Electronic Arts' Game Release Strategy Is Evolving

Though video games are far from new, the industry is still growing fast, as millions of new players take up the pastime every year. With advancing technology, though, games have become much more complex, and they're changing the formula of how studios produce and deliver new gaming experiences to fans.

Electronic Arts (NASDAQ: EA), one of the industry leaders, has stumbled coming out of the gate with some of its titles. However, the company is intent on turning disappointing results into an opportunity to learn, make adjustments, and blaze the trail forward. That means changes to its game release strategy.

Disappointments and a surprising victory

EA put the wrap on its 2019 fiscal year on Mar. 31, 2019 -- a forgettable period for the company and its investors. Full-year revenue fell 4%, hastened by a 22% drop during the fourth quarter alone. Competition from peers was the main culprit, reducing interest and sales in some of EA's tentpole releases such as Battlefield V, Command & Conquer: Rivals, and Anthem.

Though the company faced setbacks last year with some of these aforementioned games, it did score a big win with Apex Legends. The game is a free-to-play (no upfront cost for players to get started) battle royale online multiplayer experience, one that quickly became EA's fastest-growing new release ever. Apex Legends reached the 50 million player mark shortly after its debut, with management saying millions more continue to join -- many of whom make up new audiences for EA in new markets around the world.

These free-to-play games present new challenges, though. While many games like the upcoming Star Wars Jedi: Fallen Order will fall under the traditional model -- upfront payment to play -- the increasing complexity involved in getting a gaming experience to run properly (and profitably) over the long term is an ongoing concern. It's an industry-wide problem, too -- not one to EA.

That's where the powerful free-to-play model is coming in: A massive number of new users can be acquired in short order, only to be monetized later via microtransactions that provide content upgrades and personalized experiences. Live services from titles like Apex Legends as well as sports installments like FIFA are expected to be the leading edge of the company in the coming year, increasing segment sales by 10% to 15%.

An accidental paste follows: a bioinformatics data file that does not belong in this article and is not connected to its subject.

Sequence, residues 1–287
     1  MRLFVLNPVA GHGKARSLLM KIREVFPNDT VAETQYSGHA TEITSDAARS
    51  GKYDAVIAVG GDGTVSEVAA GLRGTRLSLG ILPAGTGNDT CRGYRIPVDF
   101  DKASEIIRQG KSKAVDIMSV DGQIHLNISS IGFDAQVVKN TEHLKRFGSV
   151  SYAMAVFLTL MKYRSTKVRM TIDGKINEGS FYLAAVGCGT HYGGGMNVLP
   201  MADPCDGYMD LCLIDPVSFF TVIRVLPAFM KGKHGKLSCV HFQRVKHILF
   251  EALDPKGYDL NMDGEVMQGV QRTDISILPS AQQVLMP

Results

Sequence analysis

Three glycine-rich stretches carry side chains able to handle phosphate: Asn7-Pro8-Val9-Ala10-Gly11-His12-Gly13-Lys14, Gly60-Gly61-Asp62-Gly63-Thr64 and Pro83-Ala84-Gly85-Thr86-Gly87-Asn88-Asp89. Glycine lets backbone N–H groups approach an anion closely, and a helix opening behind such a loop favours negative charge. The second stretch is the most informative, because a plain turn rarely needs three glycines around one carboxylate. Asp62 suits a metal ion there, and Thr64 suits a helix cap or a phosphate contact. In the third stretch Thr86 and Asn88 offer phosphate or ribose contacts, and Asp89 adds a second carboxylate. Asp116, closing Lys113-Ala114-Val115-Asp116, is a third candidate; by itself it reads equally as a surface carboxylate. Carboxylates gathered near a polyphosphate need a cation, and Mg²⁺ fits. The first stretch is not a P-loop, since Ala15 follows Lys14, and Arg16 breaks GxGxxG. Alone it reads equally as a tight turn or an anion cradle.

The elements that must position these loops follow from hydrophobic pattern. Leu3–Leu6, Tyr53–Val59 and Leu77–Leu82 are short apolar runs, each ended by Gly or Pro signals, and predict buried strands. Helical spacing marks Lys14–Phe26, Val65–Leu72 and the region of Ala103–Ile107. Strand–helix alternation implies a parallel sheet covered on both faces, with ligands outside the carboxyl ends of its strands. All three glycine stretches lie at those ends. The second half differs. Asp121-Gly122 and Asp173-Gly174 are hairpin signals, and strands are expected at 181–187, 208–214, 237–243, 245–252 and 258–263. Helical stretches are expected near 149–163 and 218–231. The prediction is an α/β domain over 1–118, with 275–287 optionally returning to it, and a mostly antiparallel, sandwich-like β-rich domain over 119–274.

The caveat to popularity

There are sure to be more free-to-play games in the EA portfolio in short order, and the company's management expects their results to get the overall growth engine firing once again. Total net revenue is anticipated to rise 9% over last year and adjusted earnings to increase 7%. Not too shabby but not exactly setting the world on fire, either.

However, it will be important for investors to remember these are changing times for EA and the video gaming industry. Free-to-play, massive online multiplayer games are on the rise, but they're still a new operating model. Electronic Arts CEO Andrew Wilson spoke on the last earnings call about "soft launches", where a game is initially released to select groups of players for testing before a more widespread introduction:

Soft launches aren't unusual in the mobile gaming world and in Asia, but for EA, it will nonetheless mean a major shift when it comes to its marketing division -- changes that will involve gathering up and listening to player feedback to improve upon and continue to develop video games as they progress through their life cycle.

Making fundamental changes to a business will always be fraught with potential missteps, but change is good. Free-to-play games that revolve around multiplayer, live events, and continual gameplay additions hold a lot of promise over the long term. Investor patience will be required, though.

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Nicholas Rossolillo and his clients have no position in any of the stocks mentioned. The Motley Fool recommends Electronic Arts. The Motley Fool has a disclosure policy.